9 things you should never plug into a power strip

When we think of the past, one of the first thoughts that runs through our mind is how people lived without electricity. Nowadays, we can’t even imagine a day without it because all of our appliances and devices run on electricity.

The truth is, however, that most homes don’t have enough power outlets to keep everything running and charged, so most of us rely on power strips without being aware that appliances that consume a lot of energy become dangerous fire hazards when we plug them into a power strip.

Although power strips are the thing to go to when it comes to charging your phone or power an entertainment setup, there are certain devices that should never be plugged into a power strip.

Air conditioners, space heaters, toasters, and other appliances that use high wattage can easily cause power strips to overheat, which can easily lead to a fire hazard.

Even before plugging anything into a power strip consider the ammount of power they support. This is usually listed on the product itself.

High-capacity appliances need to draw a lot of power through an electrical circuit to work. Keep in mind that an appliance does not need to be large in size to draw large amounts of power.

Below is the list of appliances that should never be plugged into a power strip.

1. The oven: Even though the oven is not used continually, it is a power-hungry appliance that should not be plugged into a power strip. In fact, it should be plugged into its own wall outlet on its own circuit.

2. Refrigerator: Refrigerators require a lot of power and frequently cycle on and off which can easily overload a power strip and cause damage. Much like the oven, refrigerators require a wall outlet dedicated solely to powering the appliance.

3. Washing Machine: When turned on, washing machines pull a lot of power. This is the main reason why these appliances shouldn’t share a receptacle with any other appliance or device.

Most washing machines use a max of up to 1400 watts, putting it dangerously close to the max load of most power strips. On top of that while working, washing machines are usually left unattended and work longer hours, at least an hour, which is long enough for a power strip to overheat.

4. Heating: Portable heaters should never be plugged into a power strip because most of them use 1,500 watts of energy on their high setting and they usually run for extended periods of time.

5. Microwave: Since they consume a lot of energy when used, most microwave ovens are plugged into their own receptacle and that is always a good practice.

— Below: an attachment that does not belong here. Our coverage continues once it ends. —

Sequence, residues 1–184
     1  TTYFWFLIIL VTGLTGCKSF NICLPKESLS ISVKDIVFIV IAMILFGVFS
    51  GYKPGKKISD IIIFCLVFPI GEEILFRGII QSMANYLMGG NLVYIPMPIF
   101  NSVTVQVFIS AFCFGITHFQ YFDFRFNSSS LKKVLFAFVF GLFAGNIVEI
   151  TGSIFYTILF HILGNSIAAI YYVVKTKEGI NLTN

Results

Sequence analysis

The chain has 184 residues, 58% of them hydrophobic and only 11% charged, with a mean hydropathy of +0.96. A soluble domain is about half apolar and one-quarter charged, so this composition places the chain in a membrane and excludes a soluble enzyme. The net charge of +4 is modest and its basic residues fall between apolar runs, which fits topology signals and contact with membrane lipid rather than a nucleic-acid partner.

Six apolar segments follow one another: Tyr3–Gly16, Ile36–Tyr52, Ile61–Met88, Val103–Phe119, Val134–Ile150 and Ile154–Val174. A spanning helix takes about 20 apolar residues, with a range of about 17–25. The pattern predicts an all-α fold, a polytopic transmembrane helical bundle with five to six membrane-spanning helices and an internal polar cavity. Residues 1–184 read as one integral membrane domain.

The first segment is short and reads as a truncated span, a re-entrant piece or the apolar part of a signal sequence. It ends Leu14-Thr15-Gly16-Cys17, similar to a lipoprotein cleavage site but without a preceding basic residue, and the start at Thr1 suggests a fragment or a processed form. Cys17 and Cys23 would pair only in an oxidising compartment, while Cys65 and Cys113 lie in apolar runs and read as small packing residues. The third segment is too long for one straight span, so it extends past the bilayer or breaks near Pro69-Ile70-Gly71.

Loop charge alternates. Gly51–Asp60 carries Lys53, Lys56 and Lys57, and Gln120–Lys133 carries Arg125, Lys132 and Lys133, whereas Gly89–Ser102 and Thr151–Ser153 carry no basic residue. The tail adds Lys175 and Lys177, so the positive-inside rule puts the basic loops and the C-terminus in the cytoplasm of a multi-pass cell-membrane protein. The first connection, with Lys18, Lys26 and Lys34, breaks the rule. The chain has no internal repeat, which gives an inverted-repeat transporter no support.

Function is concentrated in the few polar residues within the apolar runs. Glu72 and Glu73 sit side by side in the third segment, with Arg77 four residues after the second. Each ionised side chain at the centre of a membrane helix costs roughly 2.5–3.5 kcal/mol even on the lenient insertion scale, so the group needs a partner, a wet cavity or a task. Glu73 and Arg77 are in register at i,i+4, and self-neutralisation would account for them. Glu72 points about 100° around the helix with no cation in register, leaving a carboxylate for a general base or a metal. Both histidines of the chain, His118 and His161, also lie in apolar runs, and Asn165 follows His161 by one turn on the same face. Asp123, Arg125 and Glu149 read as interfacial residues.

6. Coffee Maker: Those who own a coffee maker are not fully aware of the power these appliances use, and this is why they should never be plugged into any sort of power strip or extension cord.

7. Toaster: You may think that browning up slices of bread or bagels doesn’t require a lot of energy, but the truth is that toasters use a lot of energy when in use and they should be plugged directly into the receptacle rather than a power strip.

8. Another Power Strip: Power strips are not meant to be used in conjunction with another power strip, although many people do exactly that. This, however, violates most safety codes because it can easily lead to overloading the electrical system.

9. Electronics (Computer, TV, Router): These types of electronic devices don’t necessarily use a lot of power on their own, but they are sensitive to surges and you can find yourself with a burnt out computer or TV very quickly if you plug them into a power strip.

If you want to protect these sensitive devices from power surges, opt for a power strip that functions as a surge protector.

One morning they saw a mysterious pit forming in their garden…

As Emma James diligently mowed the front yard with her lawnmower, an unexpected discovery halted her routine, a mysterious hole in the ground. Over the course of the day, this innocuous pit expanded steadily, reaching an unexpected depth of 2 meters. Adding to the intrigue, the hole contained a peculiar surprise, weathered, rusty steps.

Although the dimensions of the pit currently preclude any person from venturing inside, authorities harbor suspicions that the unearthed tunnel beneath the James’ property might connect to a canal concealed 35 years ago.

Seeking answers, the couple reached out to the construction company responsible for erecting their home in 1984. Unfortunately, the company could not shed light on the tunnel’s destination.

Expressing her bewilderment, Emma remarked: “It’s truly perplexing, these steps leading downward, yet no indication of their purpose or a cover to conceal them. Beneath lies a mixture of cement and rusty metal. We’re eager for someone to inspect and elucidate; I’m not comfortable leaving such an enigma in my backyard”.

Despite the local council’s assertion that the tunnel leads to a drain sealed off three decades ago, skepticism lingers with the homeowners. They remain unconvinced until an official examination is conducted. Frustratingly, despite assurances from authorities, no one has undertaken the task of a thorough investigation.

The homeowners fervently hope that another cavity won’t materialize, posing a potential hazard. Reluctantly, and in the absence of concrete answers, they’ve resorted to cautionary signs to prevent any unsuspecting individuals from stumbling into the mysterious void.

The James family remains in suspense, yearning for resolution and clarity about the clandestine underground structure that has disrupted their peaceful property.

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